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ASEAN's a ‘raft' amid uncertainty: Singapore PM
Raini Hamdi, reporting from ATF 2017, Singapore, January 20, 2017
 

Beyond jointly marketing ASEAN through campaigns and promotions, Singapore’s prime minister Lee Hsien Loong has underscored the need to do “the less glamorous behind-the-scenes hard work” and proposed three ways towards a vibrant ASEAN tourism industry, namely through strengthening air links, building up cruise tourism and developing tourism talent.

 

During his speech at ATF 2017 opening ceremony on Wednesday, he noted ASEAN’s progress in growing air links, having more than doubled the annual air seat capacity of flights in the region while budget airlines have made travel affordable for the masses. All ASEAN members have ratified an open-skies agreement. 

 

Singapore PM Lee and ASEAN Ministers at ATF 2017 opening ceremony

 

But there remains huge potential for tourist and air passenger numbers to grow further if ASEAN continues to strengthen its connectivity. “The more flights are available and the more affordable they are, the more tourists will come and the more tourism will prosper,” said Lee.

 

“Second, we should build up cruise tourism which has immense potential for development. It is growing in popularity in North Asia and Australia, and ASEAN is well placed to promote cruise tourism. We have archipelagos in ASEAN to rival the Aegean, the Caribbean or the South Pacific. We have year-long tropical weather and calm waters; we have diverse and attractive destinations within short sailing distances.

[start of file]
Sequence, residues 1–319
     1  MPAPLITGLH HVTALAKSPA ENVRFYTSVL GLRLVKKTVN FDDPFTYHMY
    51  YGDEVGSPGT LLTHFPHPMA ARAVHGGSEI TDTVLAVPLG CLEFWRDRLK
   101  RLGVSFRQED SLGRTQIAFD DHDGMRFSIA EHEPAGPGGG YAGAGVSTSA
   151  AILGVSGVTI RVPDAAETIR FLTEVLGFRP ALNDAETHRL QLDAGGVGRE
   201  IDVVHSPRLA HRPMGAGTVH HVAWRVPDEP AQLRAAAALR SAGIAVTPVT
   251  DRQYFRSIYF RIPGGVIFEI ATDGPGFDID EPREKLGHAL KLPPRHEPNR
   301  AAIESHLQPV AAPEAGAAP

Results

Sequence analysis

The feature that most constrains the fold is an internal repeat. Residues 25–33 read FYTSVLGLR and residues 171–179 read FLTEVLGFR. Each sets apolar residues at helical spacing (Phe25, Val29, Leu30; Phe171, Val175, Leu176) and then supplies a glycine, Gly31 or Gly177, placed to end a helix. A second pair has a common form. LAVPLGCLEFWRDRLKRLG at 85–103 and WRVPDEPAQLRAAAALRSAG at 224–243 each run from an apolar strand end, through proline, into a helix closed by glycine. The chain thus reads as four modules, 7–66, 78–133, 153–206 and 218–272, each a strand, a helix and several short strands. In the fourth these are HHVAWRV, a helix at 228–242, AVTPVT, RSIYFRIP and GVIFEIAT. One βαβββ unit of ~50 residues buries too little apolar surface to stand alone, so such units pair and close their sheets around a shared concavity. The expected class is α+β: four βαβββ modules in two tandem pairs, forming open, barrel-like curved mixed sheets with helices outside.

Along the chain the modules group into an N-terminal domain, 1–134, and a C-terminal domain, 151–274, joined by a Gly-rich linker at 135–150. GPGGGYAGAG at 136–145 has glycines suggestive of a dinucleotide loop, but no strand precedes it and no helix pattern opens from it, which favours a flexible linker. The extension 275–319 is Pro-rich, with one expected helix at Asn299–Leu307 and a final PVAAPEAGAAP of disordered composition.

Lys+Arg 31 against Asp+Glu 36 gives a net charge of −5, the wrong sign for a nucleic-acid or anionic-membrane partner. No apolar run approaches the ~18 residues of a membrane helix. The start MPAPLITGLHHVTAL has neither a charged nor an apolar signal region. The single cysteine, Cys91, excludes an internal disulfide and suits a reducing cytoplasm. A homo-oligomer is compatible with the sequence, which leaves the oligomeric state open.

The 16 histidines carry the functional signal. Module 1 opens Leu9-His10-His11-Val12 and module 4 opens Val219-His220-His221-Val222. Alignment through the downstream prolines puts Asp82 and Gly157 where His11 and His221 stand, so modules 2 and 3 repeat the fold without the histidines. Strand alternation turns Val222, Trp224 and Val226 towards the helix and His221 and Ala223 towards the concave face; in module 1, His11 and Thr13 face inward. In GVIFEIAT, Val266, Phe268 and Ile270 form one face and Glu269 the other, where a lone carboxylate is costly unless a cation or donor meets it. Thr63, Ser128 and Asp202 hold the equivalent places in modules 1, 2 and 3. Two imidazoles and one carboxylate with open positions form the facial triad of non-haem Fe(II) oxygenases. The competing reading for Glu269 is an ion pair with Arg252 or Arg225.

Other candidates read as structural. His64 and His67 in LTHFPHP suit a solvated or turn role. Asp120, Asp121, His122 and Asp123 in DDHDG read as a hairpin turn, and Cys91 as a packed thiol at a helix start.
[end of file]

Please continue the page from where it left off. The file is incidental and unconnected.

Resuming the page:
“But developing cruise tourism is a multilateral effort. We need to develop port infrastructure to receive bigger and newer ships. We need to work with cruise providers to create attractive alternative itineraries with multiple stops for tourists. Singapore is happy to be the lead co-ordinator for the ASEAN Cruise Development Initiative. We need to work together closely to make this happen, and harness opportunities under the ‘Cruise South-east Asia’ brand,” said Lee.

 

“Thirdly, we must develop our tourism talent. In ASEAN, we have the natural advantage of cultures that are warm, friendly and courteous, so visitors immediately feel comfortable and welcome. But our workers also need specific skills to run hotels properly, manage inventories and logistics, supply guides and interpreters, so we can deliver the high standards international tourists are accustomed to,” said Lee, adding that investing in workers also create opportunities and jobs for the locals. 

 

As ASEAN marks its 50th year of founding this August, the Singapore leader also reminded delegates the importance of regional cooperation in today’s isolationism climate. Last year saw Britain’s vote for Brexit, the US elected a non-establishment candidate as its next president, and Europe distracted by corporate anxiety about jobs and immigrants, plus doubts about the whole European integration project. 

 

“In this uncertain global environment, ASEAN is an important raft for all of us,” said Lee.

 

While ASEAN has made regional cooperation a success in South-east Asia, there’s a lot more work to be done, he said. 

 

“We have to press on to deepen economic integration and boost connectivity among ASEAN countries, for example, through the Regional Comprehensive Economic Partnership and the Master Plan on ASEAN Connectivity. In security and counter-terrorism, we have to work more closely to share intelligence, counter extremist ideology and disrupt terrorism networks. In social and cultural areas, we have to continue to foster people-to-people ties. 

 

“ASEAN’s objectives are not quite as ambitious as the EU’s but if ASEAN can build on what we have achieved, and deepen our cooperation across the board, all our peoples will benefit,” said Lee.

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